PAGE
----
The National Bank of Poland offers a set of six silver coins reproducing the nations current circulating banknotes

Money is always a popular theme on money, with some excellent modern numismatic series available today, that pay homage to the past. Possibly the finest of them, CIT’s ‘Numismatic Icons’ series, is a cutting-edge example, but there are plenty of coins out there that are less ambitious in concept, but no less effective in execution. Poland has been a prime example of delving into their coin history for new releases, with the superb ‘Treasures of Stanislaw August’ medallions, and the ‘History of Polish Coin’ series.

Their latest release is a little different, choosing not to delve into the past directly, but to take Poland’s current circulating banknotes, and turn them into a set of six, one-ounce silver coins. Fortunately, Poland eschewed the practice of modern banknotes depicting architecture, social movements, etc., and chose to tap into their history, with a selection of monarchs, on one face, and either coins or Polish White Eagle heraldry on the other. Every face is different, and it forms a cohesive, but varied set of designs.

A simple concept, but one that, in our view, has made a great set of coins for the history buff. They’re not available individually, just as a six-coin set, but they appear to be beautifully presented in a wooden box, with a tray that makes display very easy. Available to order now, with a mintage capped at 3,000 sets.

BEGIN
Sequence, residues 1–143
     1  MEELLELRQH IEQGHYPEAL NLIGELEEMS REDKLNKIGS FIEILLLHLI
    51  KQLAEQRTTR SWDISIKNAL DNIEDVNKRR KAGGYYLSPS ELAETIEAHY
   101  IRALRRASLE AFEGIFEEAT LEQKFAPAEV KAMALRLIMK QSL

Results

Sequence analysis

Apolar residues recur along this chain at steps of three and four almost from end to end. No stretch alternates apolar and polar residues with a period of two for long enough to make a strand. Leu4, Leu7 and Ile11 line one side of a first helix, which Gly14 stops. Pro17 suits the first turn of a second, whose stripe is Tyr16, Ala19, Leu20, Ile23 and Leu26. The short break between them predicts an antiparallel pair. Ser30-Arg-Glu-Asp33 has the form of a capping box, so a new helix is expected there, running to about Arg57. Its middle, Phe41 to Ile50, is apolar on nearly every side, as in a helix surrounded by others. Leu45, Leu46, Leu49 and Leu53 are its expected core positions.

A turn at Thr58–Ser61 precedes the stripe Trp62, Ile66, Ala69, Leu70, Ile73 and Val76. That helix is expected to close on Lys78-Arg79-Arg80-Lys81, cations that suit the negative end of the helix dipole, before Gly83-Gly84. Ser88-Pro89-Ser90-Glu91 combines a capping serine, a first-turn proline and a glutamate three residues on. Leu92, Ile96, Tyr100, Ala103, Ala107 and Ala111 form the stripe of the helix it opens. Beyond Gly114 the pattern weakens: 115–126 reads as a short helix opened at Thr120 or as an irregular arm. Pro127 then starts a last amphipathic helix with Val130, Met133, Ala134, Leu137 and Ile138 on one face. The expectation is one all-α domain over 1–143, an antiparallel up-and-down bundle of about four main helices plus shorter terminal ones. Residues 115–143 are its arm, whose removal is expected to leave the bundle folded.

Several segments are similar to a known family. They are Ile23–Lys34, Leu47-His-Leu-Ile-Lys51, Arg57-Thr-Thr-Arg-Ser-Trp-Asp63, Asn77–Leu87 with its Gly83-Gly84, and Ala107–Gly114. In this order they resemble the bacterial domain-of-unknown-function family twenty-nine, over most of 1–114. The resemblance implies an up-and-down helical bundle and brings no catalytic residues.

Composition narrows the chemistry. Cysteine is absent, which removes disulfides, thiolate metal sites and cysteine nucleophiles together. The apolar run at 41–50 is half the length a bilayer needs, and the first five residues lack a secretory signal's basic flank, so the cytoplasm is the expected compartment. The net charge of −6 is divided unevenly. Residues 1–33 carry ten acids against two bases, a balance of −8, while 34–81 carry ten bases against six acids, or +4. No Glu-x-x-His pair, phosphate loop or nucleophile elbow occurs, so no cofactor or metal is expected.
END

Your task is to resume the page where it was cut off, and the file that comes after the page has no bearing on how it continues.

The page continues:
10zl – Mieszko I (OBV), Denarius coin, Romanesque columns (REV)

20zl – Boleslaus I the Brave (OBV), Denarius coin, Rotunda of Saint Nicolas (REV)

50zl – Casimir II the Great (OBV), Polish White Eagle, Kraków and Kazimierz (REV)

100zl – Władysław II Jagiełło (OBV), Polish White Eagle, Grunwald swords and Teutonic armour,Malbork Castle (REV)

200zl – Sigismund I the Old (OBV), Polish White Eagle, Wawel Castle (REV)

500zl – John III Sobieski (OBV), Polish White Eagle, Wilanow Palace (REV)


We had all been millionaires until 31 December 1994, as prices and wages were nominally expressed in millions of zlotys. A day later a redenomination of the Polish złoty was carried out. On 1 January 1995, a banknote of a face value of 10,000 złoty turned into a 1 złoty coin, and 1,000,000 złoty was a 100 new złoty. Even a grosz gained in value. In 1995, banknotes of the denominations of 10 zł, 20 zł, 50 zł, 100 zł and 200 zł were put into circulation, whereas a 500 złoty banknote was introduced into circulation in 2017. By tradition, the new series with the images of Polish rulers on banknotes was designed by Andrzej Heidrich, the “king of Polish banknotes”.

Andrzej Heidrich (1928–2019) began to collaborate with Narodowy Bank Polski in 1960. Over the years, he was commissioned by NBP to make dozens of banknote drawings and designs, however only in 1975 the banknote designed by him was put into circulation. It was a 500 złoty note depicting Tadeusz Kościuszko – the designer’s favourite banknote. Andrzej Heidrich designed the banknote series called “The Great Poles” (in circulation until 1996) and “The Polish Rulers” (in circulation from 1995 till the present day).

The stylised images of banknotes which are currently in circulation – of the face values of 10 zł, 20 zł, 50 zł, 100 zł, 200 zł and 500 zł – are presented on collector coins that make up a set of coins called “Banknotes in Circulation in Poland”. Prof. Jan Żaryn

DENOMINATION 10, 20, 50, 100, 200, 500 Zlotys
COMPOSITION 0.999 silver
WEIGHT 31.1 grams x 6
DIMENSIONS 50.0 x 25.0 mm
MINTAGE 3,000 sets
BOX / C.O.A. Yes / Yes